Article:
Nat. Ord. (Natural Order) Leguminosï¿½. Lin. Syst. (Linnean System) Decandria, Monogynia. A handsome low tree, about 20 feet in height, which is found scattered sparsely through warm sheltered valleys, along the Hudson and other rivers of the northern sections of the United States, but most abundantly on the Ohio. It is valuable as an ornamental tree, no less on account of its exceedingly neat foliage, which is exactly heart-shaped, or cordiform, and of a pleasing green tint, than for its pretty pink blossoms. These, which are pea-shaped, are produced in little clusters close to the branches, often in great profusion, early in the spring, before the leaves have expanded. From the appearance of the limbs at that period, it has in some places obtained the name of Redbud. It is then one of the most ornamental of trees, and, in company with the Dog-wood, serves greatly to enliven the scene, and herald the advent of the floral season. These blossoms, according to J.C. Loudon (Encyclopedia of Plants), having an agreeable poignancy, are frequently eaten in salads abroad, and pickled by the French families in Canada. The name of Judas tree appears to have been whimsically bestowed by Gerard, an old English gardener, who described it in 1596, and relates that "this is the tree whereon Judas did hange himselfe; and not upon the elder tree, as it is said."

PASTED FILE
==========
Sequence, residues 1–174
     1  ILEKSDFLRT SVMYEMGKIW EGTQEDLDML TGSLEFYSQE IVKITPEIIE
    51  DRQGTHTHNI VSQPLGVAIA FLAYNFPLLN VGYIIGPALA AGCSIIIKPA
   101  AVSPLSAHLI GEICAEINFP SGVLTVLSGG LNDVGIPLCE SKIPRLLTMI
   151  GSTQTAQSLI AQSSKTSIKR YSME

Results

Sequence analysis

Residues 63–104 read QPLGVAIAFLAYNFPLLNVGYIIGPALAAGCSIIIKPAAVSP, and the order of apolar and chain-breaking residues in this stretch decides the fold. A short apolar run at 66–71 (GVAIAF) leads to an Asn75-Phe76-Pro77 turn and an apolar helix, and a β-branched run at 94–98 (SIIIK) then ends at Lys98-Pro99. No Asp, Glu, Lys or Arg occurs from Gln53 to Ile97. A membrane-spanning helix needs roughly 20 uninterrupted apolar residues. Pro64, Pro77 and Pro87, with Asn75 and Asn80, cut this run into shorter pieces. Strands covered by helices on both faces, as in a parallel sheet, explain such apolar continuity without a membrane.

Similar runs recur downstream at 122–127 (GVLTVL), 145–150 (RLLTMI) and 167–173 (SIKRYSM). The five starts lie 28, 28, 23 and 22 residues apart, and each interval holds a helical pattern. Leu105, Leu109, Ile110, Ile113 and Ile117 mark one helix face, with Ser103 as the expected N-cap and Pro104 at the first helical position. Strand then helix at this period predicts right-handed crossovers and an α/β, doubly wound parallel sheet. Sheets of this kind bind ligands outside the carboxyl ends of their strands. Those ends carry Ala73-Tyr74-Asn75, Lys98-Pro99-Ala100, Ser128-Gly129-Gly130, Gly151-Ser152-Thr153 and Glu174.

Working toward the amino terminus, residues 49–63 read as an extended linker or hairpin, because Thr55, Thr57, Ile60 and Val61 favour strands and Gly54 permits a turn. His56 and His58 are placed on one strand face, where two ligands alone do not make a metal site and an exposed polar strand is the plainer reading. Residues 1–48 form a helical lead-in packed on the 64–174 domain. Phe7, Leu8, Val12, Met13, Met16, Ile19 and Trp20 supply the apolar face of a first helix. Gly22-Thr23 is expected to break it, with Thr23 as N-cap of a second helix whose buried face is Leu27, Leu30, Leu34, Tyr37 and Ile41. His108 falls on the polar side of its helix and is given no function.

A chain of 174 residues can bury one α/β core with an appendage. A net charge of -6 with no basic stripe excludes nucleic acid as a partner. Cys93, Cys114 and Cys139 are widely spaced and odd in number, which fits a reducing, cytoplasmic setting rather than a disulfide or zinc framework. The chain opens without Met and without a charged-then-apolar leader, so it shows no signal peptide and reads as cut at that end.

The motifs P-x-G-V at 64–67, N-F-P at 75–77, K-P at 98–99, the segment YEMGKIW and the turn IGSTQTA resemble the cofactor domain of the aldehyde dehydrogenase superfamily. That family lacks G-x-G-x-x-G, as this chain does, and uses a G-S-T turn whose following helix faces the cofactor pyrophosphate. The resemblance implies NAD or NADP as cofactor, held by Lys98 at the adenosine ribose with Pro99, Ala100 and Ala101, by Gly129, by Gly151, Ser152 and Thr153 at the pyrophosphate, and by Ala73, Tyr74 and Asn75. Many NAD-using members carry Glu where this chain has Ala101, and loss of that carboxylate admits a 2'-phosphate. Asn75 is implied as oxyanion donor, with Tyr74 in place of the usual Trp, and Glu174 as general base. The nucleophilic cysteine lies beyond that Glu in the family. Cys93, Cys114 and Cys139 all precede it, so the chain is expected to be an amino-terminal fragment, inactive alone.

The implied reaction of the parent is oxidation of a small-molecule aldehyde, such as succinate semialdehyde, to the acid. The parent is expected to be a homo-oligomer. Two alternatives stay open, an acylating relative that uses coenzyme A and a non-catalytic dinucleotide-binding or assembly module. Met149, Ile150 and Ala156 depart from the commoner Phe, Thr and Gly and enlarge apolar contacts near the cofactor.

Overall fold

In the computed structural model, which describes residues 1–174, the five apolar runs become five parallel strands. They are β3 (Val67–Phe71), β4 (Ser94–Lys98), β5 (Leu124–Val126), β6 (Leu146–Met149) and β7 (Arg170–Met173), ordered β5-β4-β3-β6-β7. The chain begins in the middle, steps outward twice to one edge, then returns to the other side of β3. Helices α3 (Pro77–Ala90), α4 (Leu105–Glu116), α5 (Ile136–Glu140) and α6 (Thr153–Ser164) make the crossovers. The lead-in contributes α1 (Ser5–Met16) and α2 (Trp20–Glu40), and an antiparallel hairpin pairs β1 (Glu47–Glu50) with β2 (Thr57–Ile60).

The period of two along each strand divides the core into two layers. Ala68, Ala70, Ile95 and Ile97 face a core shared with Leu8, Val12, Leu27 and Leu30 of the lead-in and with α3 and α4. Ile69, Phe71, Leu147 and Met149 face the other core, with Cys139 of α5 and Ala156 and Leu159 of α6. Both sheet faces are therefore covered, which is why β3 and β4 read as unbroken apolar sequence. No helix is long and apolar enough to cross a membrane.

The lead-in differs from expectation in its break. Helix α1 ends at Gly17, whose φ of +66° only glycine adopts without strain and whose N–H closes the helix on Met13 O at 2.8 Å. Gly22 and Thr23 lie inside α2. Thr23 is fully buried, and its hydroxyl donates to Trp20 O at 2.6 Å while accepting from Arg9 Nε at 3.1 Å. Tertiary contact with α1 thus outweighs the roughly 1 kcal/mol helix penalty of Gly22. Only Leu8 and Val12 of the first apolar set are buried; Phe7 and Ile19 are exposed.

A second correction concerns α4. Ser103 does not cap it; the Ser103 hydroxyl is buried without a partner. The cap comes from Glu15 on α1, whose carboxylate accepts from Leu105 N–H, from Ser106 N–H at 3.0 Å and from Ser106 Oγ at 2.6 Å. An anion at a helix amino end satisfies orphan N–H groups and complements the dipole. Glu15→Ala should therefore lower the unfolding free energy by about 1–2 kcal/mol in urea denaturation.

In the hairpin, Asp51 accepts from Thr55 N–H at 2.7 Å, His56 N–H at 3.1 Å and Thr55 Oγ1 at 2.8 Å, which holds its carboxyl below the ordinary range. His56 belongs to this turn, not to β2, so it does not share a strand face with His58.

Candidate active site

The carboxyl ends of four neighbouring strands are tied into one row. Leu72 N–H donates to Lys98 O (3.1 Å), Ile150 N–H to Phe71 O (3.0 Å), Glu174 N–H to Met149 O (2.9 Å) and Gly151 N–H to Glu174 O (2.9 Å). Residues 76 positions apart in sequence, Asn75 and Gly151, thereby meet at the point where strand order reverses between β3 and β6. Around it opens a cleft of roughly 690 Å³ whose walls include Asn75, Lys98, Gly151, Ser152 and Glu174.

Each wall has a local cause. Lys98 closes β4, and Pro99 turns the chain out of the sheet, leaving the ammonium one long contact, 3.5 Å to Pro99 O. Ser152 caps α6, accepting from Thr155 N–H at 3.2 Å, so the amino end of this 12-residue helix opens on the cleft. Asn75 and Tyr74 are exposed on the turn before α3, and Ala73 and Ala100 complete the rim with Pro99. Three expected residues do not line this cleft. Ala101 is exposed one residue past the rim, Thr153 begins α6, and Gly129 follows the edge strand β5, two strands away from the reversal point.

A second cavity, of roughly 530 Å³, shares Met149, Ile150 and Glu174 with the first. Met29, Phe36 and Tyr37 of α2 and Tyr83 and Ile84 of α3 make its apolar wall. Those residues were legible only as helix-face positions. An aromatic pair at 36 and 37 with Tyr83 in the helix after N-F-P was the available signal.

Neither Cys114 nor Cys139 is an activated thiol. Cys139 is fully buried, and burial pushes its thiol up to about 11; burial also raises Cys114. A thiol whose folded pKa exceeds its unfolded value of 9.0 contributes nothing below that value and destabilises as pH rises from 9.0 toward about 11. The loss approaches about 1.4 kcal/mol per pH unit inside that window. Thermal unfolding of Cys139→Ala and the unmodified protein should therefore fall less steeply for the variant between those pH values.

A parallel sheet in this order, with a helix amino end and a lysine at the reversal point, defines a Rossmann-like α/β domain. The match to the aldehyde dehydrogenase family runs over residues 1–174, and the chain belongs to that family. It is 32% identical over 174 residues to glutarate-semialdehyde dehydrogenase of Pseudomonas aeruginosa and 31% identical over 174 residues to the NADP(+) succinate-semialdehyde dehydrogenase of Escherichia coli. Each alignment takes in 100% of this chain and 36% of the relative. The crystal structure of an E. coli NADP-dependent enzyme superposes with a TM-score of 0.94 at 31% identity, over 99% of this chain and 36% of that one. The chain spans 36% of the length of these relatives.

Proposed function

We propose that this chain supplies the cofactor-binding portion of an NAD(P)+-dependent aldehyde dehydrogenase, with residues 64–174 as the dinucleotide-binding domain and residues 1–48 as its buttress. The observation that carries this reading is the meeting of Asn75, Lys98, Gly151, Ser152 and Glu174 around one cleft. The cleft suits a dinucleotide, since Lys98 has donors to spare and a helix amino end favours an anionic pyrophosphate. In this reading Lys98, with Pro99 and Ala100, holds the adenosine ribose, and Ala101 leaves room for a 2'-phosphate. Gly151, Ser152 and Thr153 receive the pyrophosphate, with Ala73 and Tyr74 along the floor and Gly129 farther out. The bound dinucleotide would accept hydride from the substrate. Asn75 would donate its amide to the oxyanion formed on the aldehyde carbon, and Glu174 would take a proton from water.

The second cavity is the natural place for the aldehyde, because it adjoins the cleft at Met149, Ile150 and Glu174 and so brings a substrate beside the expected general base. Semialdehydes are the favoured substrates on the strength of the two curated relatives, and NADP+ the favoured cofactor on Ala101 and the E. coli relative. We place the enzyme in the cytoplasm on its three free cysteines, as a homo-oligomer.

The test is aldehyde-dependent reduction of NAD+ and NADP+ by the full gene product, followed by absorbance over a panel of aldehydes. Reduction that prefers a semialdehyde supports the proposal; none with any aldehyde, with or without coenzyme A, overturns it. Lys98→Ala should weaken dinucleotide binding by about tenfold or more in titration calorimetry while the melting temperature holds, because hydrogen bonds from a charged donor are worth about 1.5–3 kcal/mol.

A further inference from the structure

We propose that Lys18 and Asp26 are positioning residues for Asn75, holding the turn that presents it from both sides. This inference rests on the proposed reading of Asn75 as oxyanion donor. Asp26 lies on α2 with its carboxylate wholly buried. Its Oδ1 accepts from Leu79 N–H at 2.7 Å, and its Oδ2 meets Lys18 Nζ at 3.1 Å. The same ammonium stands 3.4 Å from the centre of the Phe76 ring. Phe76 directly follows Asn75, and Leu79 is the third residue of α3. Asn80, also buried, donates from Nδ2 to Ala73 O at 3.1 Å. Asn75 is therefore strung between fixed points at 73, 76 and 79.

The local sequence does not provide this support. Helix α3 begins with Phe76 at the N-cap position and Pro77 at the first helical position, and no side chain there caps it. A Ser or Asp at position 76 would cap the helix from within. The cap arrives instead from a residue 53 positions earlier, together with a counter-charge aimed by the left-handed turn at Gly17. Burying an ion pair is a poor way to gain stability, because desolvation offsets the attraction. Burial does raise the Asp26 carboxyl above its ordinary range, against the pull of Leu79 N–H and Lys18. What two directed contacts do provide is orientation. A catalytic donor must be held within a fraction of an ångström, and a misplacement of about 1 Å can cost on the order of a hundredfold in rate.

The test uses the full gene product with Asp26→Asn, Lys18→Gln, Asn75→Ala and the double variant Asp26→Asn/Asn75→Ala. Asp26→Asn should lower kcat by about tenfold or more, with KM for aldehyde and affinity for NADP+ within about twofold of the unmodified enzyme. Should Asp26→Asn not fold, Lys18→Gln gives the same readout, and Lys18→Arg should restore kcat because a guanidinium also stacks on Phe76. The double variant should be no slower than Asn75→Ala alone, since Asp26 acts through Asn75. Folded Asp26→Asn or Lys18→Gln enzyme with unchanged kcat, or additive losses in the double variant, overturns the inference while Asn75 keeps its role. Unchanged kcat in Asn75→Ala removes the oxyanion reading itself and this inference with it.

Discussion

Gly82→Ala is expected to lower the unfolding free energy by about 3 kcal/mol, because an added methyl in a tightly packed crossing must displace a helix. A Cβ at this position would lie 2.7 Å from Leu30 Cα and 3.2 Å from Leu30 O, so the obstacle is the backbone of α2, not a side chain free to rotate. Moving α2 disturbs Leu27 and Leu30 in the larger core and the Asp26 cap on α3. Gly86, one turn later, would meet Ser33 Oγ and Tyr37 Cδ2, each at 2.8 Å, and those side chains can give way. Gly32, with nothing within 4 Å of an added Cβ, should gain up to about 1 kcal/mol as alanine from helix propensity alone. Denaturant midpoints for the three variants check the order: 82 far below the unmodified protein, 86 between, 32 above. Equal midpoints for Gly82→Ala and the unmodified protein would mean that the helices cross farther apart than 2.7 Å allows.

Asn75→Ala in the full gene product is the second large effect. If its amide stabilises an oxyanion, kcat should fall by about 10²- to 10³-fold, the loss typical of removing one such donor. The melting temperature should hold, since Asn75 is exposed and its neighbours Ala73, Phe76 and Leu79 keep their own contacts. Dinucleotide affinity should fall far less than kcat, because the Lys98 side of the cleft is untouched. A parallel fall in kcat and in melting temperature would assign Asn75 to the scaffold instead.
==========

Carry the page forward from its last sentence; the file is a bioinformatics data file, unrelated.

There are two species in common cultivation; the American (Cercis Canadensis) and the European (Cercis Siliquastrum). The latter much resembles our native tree. The flowers, however, are deeper in color; the leaves darker, and less pointed at the extremity. It also produces blossoms rather more profusely than the American tree. Both species are highly worthy of a place in the garden, or near the house, where their pleasing vernal influences may be observed.